In February this year, I mark my 14th year of living with diabetes.
Each year is a milestone that I acknowledge. Some years I feel like I should use the term “celebrate”, but my diagnosis wasn’t really a joyous occasion. In fact, it was the beginning of a never-ending rollercoaster ride. However, diabetes hasn’t been a death sentence, which in itself is a privilege. The self-discovery that has accompanied being diagnosed with a life-long condition has been one I am grateful of.
I celebrate every win that I have had with diabetes and the person it has made me today. Thanks to diabetes, I have learned to advocate for my own health. I have a better understanding of the healthcare system and how to navigate it. Diabetes has also inspired a career pathway for me, although I think I would’ve done something similar even without it. Most importantly, diabetes has brought some very special people into my life.
Then there are the diabetes things to celebrate that I wish I didn’t have to celebrate. I’m not sure how I would’ve survived the last three years without a CGM and insulin pump. Diabetes technology has played a major role in helping me navigate the extra complexity diabetes brings to pregnancy and motherhood. I celebrate being in relatively good health, while trying not to worry about what the future might hold for me because of diabetes. I’m grateful for tough lessons diabetes forced me to undergo in having a healthy relationship with food and exercise.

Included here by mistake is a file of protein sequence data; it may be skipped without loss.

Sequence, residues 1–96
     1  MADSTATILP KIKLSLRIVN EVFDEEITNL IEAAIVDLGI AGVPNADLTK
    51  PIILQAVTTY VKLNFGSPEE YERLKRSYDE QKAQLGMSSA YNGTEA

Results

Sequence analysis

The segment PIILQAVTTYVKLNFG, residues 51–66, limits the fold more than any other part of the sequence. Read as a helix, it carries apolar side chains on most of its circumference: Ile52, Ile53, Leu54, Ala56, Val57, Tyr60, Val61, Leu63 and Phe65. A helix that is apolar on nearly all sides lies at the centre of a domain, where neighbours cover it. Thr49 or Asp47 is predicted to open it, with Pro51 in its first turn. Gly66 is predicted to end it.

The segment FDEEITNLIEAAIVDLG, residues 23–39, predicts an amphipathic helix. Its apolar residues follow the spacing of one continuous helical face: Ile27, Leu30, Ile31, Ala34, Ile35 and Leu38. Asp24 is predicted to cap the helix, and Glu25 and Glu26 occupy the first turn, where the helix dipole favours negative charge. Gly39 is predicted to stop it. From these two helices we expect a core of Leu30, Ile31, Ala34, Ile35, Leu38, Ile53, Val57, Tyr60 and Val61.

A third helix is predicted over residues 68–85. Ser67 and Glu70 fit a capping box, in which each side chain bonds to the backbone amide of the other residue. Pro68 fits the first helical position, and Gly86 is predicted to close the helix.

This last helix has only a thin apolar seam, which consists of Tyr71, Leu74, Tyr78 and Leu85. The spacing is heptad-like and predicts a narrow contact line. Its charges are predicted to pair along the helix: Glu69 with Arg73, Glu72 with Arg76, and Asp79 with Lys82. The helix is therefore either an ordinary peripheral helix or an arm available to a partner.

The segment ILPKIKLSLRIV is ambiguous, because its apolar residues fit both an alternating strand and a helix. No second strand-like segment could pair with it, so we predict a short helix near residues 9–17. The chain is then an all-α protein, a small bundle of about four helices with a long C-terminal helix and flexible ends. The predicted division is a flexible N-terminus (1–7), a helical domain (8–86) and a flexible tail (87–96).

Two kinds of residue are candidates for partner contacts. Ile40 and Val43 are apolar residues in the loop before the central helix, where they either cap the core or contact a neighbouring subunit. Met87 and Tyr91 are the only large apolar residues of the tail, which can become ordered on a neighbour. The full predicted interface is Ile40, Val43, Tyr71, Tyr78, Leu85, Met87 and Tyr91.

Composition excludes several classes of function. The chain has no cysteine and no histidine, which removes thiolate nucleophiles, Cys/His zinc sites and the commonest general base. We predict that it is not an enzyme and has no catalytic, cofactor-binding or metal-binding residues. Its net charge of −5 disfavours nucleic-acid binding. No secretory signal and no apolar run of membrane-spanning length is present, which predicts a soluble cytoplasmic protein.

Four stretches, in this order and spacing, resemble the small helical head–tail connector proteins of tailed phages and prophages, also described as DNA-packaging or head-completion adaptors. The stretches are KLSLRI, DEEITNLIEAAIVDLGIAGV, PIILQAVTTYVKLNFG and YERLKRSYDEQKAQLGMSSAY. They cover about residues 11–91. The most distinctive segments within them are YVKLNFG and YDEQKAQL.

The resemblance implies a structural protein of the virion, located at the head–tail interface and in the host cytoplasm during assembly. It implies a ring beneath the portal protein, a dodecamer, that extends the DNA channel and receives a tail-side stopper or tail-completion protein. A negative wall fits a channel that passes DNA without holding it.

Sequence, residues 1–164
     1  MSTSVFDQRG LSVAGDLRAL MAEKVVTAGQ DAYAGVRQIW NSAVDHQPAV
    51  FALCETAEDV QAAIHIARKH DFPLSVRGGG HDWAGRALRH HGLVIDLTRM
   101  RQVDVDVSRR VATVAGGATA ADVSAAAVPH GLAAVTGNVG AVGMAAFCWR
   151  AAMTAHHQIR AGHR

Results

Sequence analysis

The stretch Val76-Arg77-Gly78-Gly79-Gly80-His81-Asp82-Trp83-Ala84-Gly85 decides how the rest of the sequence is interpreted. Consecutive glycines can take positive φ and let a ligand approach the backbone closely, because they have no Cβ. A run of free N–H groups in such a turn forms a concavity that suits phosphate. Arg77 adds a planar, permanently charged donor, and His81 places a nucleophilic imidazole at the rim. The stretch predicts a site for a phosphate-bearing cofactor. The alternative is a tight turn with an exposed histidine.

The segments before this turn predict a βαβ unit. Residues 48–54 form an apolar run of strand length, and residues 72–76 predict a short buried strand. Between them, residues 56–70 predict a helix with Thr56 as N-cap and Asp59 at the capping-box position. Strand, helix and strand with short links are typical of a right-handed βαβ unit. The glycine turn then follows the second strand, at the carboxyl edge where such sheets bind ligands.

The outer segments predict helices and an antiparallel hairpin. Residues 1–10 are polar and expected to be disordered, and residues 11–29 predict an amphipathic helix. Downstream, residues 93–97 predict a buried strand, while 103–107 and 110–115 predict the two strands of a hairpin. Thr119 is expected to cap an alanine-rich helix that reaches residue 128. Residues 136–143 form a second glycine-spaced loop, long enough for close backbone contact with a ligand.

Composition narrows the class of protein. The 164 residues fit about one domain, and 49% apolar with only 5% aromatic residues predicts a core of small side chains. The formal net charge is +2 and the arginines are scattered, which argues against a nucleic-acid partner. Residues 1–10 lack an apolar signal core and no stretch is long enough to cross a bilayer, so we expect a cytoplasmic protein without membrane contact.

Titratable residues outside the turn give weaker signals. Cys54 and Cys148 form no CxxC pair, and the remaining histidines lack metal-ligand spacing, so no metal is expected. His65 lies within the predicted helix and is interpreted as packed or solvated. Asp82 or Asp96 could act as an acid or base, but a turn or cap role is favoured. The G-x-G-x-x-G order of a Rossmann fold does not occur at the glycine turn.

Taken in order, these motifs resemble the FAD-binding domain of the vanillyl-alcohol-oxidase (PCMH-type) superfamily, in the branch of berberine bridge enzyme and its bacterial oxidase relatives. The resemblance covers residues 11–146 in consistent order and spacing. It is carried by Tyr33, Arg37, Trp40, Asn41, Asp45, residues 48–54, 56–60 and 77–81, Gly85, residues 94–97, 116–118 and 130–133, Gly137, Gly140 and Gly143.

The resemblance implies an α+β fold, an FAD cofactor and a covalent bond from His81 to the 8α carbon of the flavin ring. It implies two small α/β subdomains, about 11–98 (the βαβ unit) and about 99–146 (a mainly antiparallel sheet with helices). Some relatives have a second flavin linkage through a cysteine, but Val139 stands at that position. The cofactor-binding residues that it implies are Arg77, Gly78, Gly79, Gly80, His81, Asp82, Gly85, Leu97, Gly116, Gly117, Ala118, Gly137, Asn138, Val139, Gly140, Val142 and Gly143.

There is so much that goes into diabetes management. It’s not as simple as simply taking your medication and being done with it. The mental load to living with diabetes is massive. You’re constantly having to think about how each thing might impact your sugars, how to troubleshoot errors, making sure you are prepared for any situation and just how to pay for everything on top of it. Just today, I was frantically trying to get my girls out for a walk so my husband could have a nap. In my rush, I totally forgot to bring my hypo food and my snack for the walk. Then I forgot to suspend my pump so my sugars wouldn’t crash. Luckily there was a supermarket on the way and I was able to swing by to grab a juice before the big drop. Imagine a bad run of diabetes day and you’ll find yourself in burnout in no time.
Life with diabetes is tough. So you know what? I should celebrate kicking its butt every year by living my best life even though diabetes threatens to drag me down at times. Here’s to never letting diabetes be my excuse and to ongoing reflection and learning to best it.
3 thoughts on “14 Years with Diabetes”
Happy Diaversery !!!!
Great rendition, and a brilliant reminder of how living with diabetes, is not just living with diabetes. I always say:
“If I look after my diabetes, my diabetes will look after me.”
And that is always a 24×7 requirement, a little easier now but nevertheless still 24×7 and everything should be fine.
I love that saying! And yes, it’s definitely a 24/7 job.